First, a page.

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vintage plates

To: "MG Digest" <>
Subject: vintage plates
From: "n" <>
Date: Fri, 13 Apr 2001 09:15:56 -0400
I've had our Connecticut version of vintage plates, called "Early American"
plates for a few years.  They are black on white versus the old white on
blue standard plates.  They also showed a circa 1910 vehicle on the left of
the plate & the letters "E A" vertically on the right.  No big deal that the
E A stood for Early AMERICAN on a British car.  Not many people knew what
the letters meant.

I recently received my "new reflective" plates for my '66 B.  These plates
are being issued as replacements for ALL existing non-reflective plates over
the next year or so.  The alleged reason is for visibility at night.  Why do
I suspect that the real reason is so the CT cops can get better readings
with their laser guns?  Hmmm.

However, in the process, the design has been changed so that the right-side
"E A" has been replaced by the words "Early American" emblazoned across the
bottom of the plate.  Now, that is a real insult to all owners of
non-American old cars with these plates.  I hope the 4-C's (I believe that
stands for Connecticut Council of Car Clubs) will lobby to correct this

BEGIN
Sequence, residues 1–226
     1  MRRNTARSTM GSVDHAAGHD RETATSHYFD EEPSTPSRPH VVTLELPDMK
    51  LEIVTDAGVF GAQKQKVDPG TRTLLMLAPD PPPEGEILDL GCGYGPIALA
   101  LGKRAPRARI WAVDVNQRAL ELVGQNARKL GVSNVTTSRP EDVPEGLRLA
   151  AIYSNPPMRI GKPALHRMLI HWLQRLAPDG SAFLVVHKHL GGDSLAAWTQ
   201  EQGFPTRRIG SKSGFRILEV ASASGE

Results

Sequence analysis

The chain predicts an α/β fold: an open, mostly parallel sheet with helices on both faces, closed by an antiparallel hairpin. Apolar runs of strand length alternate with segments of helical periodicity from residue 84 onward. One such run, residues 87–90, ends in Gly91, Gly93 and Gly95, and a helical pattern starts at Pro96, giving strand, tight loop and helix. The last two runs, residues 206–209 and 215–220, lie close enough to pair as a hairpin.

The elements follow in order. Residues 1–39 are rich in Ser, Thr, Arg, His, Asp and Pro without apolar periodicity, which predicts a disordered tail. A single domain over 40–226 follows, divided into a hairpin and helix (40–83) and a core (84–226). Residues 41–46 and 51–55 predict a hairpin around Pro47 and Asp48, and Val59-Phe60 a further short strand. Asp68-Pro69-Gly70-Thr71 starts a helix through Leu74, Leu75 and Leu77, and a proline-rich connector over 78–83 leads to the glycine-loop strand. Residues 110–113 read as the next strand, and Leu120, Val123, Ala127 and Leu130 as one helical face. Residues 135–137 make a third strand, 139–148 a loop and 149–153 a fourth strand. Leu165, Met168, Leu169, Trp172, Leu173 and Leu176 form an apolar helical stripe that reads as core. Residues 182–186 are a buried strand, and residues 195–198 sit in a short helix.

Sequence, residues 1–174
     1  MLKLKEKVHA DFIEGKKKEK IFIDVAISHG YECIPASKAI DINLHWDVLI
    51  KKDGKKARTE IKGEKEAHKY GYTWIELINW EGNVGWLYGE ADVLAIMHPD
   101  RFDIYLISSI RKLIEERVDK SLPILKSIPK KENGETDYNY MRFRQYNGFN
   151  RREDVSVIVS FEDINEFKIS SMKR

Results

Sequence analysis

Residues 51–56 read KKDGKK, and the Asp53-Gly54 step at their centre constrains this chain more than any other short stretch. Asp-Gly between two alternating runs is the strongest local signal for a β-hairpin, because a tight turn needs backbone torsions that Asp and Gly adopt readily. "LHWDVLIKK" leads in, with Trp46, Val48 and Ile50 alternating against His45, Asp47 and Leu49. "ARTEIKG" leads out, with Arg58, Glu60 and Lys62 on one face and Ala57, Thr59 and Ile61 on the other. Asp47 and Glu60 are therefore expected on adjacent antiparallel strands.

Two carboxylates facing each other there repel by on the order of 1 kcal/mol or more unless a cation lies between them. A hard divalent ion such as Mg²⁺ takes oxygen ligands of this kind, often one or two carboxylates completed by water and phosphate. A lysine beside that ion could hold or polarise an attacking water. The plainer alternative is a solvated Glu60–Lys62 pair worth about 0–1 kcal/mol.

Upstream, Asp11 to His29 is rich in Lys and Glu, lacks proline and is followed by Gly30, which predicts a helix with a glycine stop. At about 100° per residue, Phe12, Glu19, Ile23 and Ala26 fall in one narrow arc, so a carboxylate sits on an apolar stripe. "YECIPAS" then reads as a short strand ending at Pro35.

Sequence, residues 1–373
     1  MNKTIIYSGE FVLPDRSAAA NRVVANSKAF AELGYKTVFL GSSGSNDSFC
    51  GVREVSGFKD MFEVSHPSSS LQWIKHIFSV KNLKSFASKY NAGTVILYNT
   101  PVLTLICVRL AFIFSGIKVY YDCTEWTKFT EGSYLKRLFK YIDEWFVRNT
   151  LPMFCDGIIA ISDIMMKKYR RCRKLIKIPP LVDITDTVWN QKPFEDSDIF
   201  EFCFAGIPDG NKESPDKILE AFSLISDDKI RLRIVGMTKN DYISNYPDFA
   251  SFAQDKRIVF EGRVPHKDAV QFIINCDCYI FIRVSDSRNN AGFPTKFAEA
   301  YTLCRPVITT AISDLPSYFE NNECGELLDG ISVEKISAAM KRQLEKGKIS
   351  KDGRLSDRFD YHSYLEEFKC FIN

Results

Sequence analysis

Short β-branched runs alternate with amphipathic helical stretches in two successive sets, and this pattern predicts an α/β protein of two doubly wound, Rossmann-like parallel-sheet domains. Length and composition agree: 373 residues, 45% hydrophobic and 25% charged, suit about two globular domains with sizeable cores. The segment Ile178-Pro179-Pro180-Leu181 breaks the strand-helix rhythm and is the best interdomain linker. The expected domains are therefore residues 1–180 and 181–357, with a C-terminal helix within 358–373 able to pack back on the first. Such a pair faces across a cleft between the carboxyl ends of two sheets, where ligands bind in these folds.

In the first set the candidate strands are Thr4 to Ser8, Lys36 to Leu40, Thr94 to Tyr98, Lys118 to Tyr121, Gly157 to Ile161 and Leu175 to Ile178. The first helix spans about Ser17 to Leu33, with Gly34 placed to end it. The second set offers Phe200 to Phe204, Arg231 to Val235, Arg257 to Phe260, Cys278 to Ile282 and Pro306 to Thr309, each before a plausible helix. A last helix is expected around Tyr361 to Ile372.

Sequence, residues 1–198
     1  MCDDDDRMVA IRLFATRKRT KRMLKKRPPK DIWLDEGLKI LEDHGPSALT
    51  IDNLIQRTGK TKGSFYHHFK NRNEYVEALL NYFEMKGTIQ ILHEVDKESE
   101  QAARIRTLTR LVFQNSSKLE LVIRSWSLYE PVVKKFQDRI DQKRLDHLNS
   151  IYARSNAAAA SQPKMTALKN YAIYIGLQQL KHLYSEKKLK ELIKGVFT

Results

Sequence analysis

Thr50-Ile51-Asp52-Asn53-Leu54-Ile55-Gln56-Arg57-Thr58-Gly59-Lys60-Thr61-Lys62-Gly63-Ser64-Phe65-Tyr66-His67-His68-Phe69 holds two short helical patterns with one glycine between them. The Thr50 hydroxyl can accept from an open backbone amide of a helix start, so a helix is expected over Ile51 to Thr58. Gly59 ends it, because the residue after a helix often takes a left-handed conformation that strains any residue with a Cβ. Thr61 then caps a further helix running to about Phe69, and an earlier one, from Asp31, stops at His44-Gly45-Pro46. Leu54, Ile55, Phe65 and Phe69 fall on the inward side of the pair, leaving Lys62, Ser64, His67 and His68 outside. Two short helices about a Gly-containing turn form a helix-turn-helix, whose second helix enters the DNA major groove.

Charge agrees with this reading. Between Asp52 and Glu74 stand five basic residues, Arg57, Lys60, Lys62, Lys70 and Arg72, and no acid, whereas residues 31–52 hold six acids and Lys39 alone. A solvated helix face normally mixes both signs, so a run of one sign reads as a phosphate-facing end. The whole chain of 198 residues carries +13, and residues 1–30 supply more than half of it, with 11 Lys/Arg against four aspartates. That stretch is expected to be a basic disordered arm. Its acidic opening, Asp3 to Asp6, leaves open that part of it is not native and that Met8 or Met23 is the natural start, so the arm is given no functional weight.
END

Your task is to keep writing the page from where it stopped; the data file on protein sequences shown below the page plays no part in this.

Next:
miscarriage.  Meanwhile, I have used a magic marker to write "Non-" in the
space between the two words.  And, as much as I dislike the dealer-supplied
license plate frames advertising their dealerships, I will install one with
a lower section large enough to obscure those words as soon as I find one
with an appropriate message.

BTW, as someone in the advertising business, I have always insisted that any
dealer selling me a car treat those frames and their  decals/logos as
advertising and pay me a monthly fee for that advertising space.  Like
roadside billboards, they have a dollar value based on the areas in which I
drive.  All dealers have been very quick to carefully remove those
advertising signs in order to avoid paying me to do their advertising.  How
many of you are being paid to advertise your car dealers?

I digress.  Back to "vintage plates."  Despite my displeasure with this new
design, I will continue to use them since they allow unlimited use for any
purpose, and the cars so registered can only be assessed for personal
property taxes at a maximum of $500.  While it only saves me about a hundred
dollars a year on my MGB, imagine how much it saves someone with a Ferrari

Norm Sippel
'66 MGB

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